Holiday escapism, even virtual holidays down memory lane, oftentimes involve wilfully ignoring inconvenient truths. So back home in the now, the hard realities in the news preoccupy me once again as Covid-19 infection rates escalate across significant parts of South Africa.
As has been widely noted, the pandemic has thrown global social and economic inequalities into sharp relief. In the context of the Covid-19 infection rates and the many thousands of deaths in the US where African-Americans have been disproportionally affected, the brutally callous killing of George Floyd by a white police officer has led to national protests against police brutality, systemic racism and white supremacism.
Global protests followed in solidarity, also protesting brutality from police and security forces in other countries, particularly against black people . Here in South Africa more than ten people, all of them black, have died at the hands of the security forces since the Covid-19 lockdown commenced in March 2020. For more information see for example https://www.globalcitizen.org/en/content/south-africa-police-brutality-poor-black-protest/
Even as we follow the health guidelines to prevent the spread of Covid-19, depending on our circumstances we can each search for ways to reach out to others and speak up for justice. At the same time white people must heed the call to sincerely strive to challenge individual and collective race-based prejudices and question unacknowledged assumptions.
In times such as these, is blogging about letting nature back in anything other than a trivial and privileged pursuit? Even though there are many reports of nature providing comfort and solace during the pandemic and the consequent social isolation regulations, for people living in inner-city or densely crowded housing, nature is not necessarily accessible or a high priority. For people who are suffering injustice and deprivation where they are struggling to get food for themselves and their families, what might be cherished under other circumstances becomes less relevant.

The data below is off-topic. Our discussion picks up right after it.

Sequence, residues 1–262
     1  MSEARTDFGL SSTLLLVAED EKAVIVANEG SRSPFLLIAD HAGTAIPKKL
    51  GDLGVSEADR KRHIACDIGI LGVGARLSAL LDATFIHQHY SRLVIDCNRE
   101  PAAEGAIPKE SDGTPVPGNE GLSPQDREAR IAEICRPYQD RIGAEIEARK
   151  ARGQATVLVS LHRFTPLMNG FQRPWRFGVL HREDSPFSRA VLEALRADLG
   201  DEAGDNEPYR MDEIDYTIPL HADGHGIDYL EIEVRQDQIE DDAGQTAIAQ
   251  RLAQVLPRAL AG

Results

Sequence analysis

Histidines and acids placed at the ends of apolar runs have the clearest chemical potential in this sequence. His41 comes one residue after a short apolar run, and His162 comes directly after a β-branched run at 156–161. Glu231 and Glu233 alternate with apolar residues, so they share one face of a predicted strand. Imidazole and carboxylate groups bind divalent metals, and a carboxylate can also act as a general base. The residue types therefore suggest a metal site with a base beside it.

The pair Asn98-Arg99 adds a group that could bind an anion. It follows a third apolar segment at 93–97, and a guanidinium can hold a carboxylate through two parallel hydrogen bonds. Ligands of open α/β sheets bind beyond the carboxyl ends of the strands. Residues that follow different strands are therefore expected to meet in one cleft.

We all have to chart our way through the Covid-19 pandemic and there is no quick fix. Our long-term futures are altered and uncertain. We are all affected in some way, and we can hope that there are more people who are open-hearted and don’t get bogged down in pettiness and complaining and that more people are moved to kindness and empathy than are moved by bigotry and hatred.
We need to build kindness and courage. In South Africa the number of active cases of Covid-19 is increasing daily, and so too is the number of deaths. It is predicted that the worst is still to come over the next few months. Even though there is an easing of lockdown regulations, regulated protocols remain in place that are aimed at preventing or at least slowing down the spread of Covid-19. The World Health Organisation (WHO) has a wealth of practical information on how to protect ourselves and others: https://www.who.int/emergencies/diseases/novel-coronavirus-2019/advice-for-public
An important aspect of protecting ourselves during these stressful times is to look after our emotional and mental health. Here are some pointers, also from WHO: https://www.who.int/campaigns/connecting-the-world-to-combat-coronavirus/healthyathome/healthyathome—mental-health
Research has shown that access to nature can be surprisingly restorative and beneficial to our physical health and our sense of well-being, and this remains true during the pandemic when lockdowns and social isolation can exacerbate stress and anxiety. How to access nature in the context of social isolation, even in the city, is discussed in this article published by the University of Washington’s UW News on 16 April 2020 (https://www.washington.edu/news/2020/04/16/dose-of-nature-at-home-could-help-mental-health-well-being-during-covid-19/
For those unable to go outside, attention can be given to nature from indoors too: for example by tending an indoor plant, looking with attention out of a window, sketching a natural object, and even by watching nature videos. Such nature-centred activities can help shift the focus to something outside of ourselves to something that is calming and consoling.
When I started naturebackin I hoped to share how nature can be present and immediate in our daily lives even in urban areas; experiencing nature need not be reserved for travelling out to the countryside or to wilder areas.
And even now during the pandemic I hope that more and more people have the chance to find solace and a measure of peace in nature, and discover that a leaf, a flower, seedhead, feather or birdcall can each be a source of wonder and fascination. From small forms of life around us to the big sky above, may nature be open to us in its many forms and may we be in a position to be open to nature.
Posted by Carol